Perfectly pan seared scallops. You love them, but do you know how to make them? After reading this, you definitely will. Pan-seared scallops are a quick-cooking masterpiece just waiting for your dinner party table.

A little experience goes a long way when it comes to cooking scallops. But don’t worry, you can perfect it on your first try, too.

How to Sear Scallops

  1. Start with rinsed and thoroughly dried scallops. Heat a large heavy-bottom skillet over high heat with enough canola oil to coat the bottom. Season the scallops on all sides with kosher salt and freshly ground pepper. When the oil just starts to smoke, place the scallops in the skillet.
scallops in skillet

2. Cook on the first side for about 2 minutes, or until they are golden brown. If they are sticking, that means they aren’t ready to flip yet.

seared scallops in skillet horizontal

3. Turn the scallops over with a fish spatula, add 1 tablespoon of butter and reduce the heat to medium-low. Baste the butter over the scallops while they finish cooking for about 1 minute more, or until the internal temperature reaches 115° F. The temp will rise about 10 to 15° more when removed from the skillet.

4. Optionally, finish with a squeeze from half a lemon and some fresh parsley

seared scallops in skillet overhead

Pro Tips for Success

  • A dry scallop is a happy scallop when it comes to searing. Not just using “dry” scallops, but patting them dry before cooking to remove as much excess moisture as possible so they sear instead of steam.
  • Remove the side muscle as it becomes tough when cooked. These simply peel right off and can be discarded.
  • Use enough oil to coat the skillet. Since there’s little fat in a scallop, the scallops can stick and burn if there isn’t a layer of fat between them and the pan.
  • Season right before cooking and not before, as the salt will pull out moisture if they sit too long.
  • Don’t overcrowd the pan. Use a larger pan than you think you will need, as the pan will cool down too quickly when the scallops are added if it is too small.
  • Sear the presentation side (prettiest side) first and cook longer on the first side. Don’t worry about getting the second side brown, as that will usually cause the scallop to overcook.
  • After the scallops are finished cooking, immediately remove them from the skillet to prevent overcooking.
  • Stock your freezer with frozen scallops for a quick meal, as they defrost in water in about 10 minutes.

Top Problems / Reasons the Scallops Didn’t Sear (turn golden brown)

  • The scallop was too damp, which will cause them to steam.
  • The pan wasn’t hot enough.
  • Didn’t sear long enough on the first side.
  • Didn’t use enough oil.

What Is a Scallop?

Scallops are a family of bivalve mollusks, like clams and oysters, in that they have hinged, two-sided shells. But scallops are unique in a couple of ways: They have eyes, and they can swim rapidly for short distances using jet propulsion. Both of these adaptations allow them to escape predators, like starfish and rays.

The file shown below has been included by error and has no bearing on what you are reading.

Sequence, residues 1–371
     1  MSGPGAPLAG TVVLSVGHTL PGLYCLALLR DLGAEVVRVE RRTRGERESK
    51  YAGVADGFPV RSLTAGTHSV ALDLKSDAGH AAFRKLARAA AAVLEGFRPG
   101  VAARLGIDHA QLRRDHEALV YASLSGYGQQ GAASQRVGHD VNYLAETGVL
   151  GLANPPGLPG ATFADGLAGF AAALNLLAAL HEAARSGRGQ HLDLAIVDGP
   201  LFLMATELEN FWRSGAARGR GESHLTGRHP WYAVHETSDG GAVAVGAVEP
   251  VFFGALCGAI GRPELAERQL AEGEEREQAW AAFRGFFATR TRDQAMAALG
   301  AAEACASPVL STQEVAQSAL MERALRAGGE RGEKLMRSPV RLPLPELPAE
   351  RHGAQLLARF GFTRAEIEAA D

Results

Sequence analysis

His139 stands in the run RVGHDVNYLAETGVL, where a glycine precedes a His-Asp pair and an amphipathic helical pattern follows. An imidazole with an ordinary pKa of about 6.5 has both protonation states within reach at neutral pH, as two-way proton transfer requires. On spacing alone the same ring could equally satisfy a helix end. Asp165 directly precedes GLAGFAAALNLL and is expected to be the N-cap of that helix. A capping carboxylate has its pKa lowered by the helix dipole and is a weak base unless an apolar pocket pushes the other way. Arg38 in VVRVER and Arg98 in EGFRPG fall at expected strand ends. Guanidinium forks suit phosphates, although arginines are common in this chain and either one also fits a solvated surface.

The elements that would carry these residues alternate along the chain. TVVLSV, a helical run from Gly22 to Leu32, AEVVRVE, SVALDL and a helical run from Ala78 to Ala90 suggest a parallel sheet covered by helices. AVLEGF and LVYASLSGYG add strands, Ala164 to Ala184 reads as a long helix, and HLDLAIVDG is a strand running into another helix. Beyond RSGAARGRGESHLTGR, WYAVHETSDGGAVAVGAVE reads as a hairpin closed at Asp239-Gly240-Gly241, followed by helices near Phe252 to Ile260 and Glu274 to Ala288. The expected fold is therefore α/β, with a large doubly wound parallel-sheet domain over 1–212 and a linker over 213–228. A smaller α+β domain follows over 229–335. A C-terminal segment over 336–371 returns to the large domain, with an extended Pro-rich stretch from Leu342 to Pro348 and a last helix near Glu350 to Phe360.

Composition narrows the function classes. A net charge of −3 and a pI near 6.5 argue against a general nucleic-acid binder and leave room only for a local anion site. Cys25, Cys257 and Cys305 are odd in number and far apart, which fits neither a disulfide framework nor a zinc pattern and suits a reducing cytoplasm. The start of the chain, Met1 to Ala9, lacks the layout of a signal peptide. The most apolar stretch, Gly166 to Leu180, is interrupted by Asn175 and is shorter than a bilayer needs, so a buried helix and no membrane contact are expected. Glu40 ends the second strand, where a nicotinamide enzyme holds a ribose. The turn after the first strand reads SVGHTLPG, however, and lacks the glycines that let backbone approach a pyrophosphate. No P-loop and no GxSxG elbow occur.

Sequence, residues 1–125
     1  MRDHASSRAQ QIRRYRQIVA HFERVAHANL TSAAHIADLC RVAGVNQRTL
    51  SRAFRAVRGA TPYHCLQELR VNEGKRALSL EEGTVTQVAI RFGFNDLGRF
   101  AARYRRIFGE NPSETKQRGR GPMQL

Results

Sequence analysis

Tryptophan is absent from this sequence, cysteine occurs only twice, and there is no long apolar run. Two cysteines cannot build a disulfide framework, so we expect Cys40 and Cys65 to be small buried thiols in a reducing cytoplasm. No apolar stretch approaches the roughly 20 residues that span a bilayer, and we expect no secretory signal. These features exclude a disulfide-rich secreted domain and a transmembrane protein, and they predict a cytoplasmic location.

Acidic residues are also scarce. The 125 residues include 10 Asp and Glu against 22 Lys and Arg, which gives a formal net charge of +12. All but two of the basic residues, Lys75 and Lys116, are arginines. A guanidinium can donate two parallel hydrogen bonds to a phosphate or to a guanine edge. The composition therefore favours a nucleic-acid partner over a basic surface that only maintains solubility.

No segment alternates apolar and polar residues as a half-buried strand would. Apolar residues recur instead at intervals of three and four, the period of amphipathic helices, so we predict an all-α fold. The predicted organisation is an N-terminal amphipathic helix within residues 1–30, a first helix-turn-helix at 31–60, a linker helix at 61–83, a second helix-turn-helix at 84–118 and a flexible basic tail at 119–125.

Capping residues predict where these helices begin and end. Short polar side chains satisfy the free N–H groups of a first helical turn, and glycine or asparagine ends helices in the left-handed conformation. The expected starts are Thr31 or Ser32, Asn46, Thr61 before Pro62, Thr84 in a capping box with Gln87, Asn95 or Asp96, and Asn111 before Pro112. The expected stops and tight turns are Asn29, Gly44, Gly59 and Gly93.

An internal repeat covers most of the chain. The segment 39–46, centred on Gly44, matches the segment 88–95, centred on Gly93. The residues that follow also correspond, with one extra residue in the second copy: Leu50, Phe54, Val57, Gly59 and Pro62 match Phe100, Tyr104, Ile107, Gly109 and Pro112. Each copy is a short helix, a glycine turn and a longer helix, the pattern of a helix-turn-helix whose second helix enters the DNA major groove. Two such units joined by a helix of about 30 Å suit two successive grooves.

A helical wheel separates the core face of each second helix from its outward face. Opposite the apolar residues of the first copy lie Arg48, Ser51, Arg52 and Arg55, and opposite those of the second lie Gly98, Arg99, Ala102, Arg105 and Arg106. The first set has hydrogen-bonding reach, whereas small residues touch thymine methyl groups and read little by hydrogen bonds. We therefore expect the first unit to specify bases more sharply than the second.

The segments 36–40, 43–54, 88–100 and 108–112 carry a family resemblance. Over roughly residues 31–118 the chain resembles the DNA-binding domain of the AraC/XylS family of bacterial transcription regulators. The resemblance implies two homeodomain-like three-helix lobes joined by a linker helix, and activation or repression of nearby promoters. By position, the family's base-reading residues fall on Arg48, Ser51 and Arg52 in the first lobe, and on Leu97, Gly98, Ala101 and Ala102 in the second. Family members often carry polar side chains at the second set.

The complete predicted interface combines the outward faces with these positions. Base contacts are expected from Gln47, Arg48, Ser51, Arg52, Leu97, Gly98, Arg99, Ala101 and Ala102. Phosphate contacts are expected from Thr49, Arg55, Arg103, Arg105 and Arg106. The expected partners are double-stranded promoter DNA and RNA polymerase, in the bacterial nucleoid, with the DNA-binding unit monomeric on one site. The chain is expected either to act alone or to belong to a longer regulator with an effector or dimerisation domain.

The flavor of a scallop is sweet and the texture is delicate when cooked right.

Calories in Scallops / Scallop Nutrition

A serving of 3 oz. of scallops, has just under 100 calories, and these nutritious little wonders are low in fat, high in protein and loaded with omega-3 fatty acids and vitamins and minerals. They do not bioaccumulate toxins (like mercury) as other seafood can, so no worries there. Some people are allergic to scallops, so be careful if you’re serving to guests.

The Difference Between Bay and Sea Scallops

The scallops you’ll want to use for this dish are Atlantic sea scallops, a large scallop species, which when prepped are at least an inch in diameter. These scallops are usually harvested by dredging, which is rough on the marine environment. Sometimes they are harvested by hand by divers (“diver scallops”), and these tend to be of the highest quality and contain less grit.

Get diver scallops if you can, though sometimes dredged scallops are labeled as diver scallops. Farmed scallops are fine to buy, if they are Atlantic sea scallops, as scallop aquaculture is generally considered environmentally benign.

Bay scallops (“calico scallops”) are much smaller, harvested in shallower waters and are about the size of a grape when prepped. While delicious, these scallops aren’t great for entrees, and are less abundant than sea scallops due to habitat loss.

raw sea scallops on plate

Dry vs Wet Scallops

Scallops are often shucked right on the boat, and frozen soon after shucking; the meat texture isn’t harmed by freezing. But you will want to buy “dry packed” scallops, which are packed without added water or preservatives. Dry scallops will tend to be fresher and tastier, as the added water in “wet” or “soaked” scallops dilutes the flavor. Dry scallops in the package are off-white or pinkish, while wet scallops will be bright white because of added chemicals.

If all you can find are wet scallops, you can soak them for 30 minutes in a quick brine of 1/4 cup lemon juice and two tablespoons salt in a quart of water to improve the flavor.

Cleaning the Scallops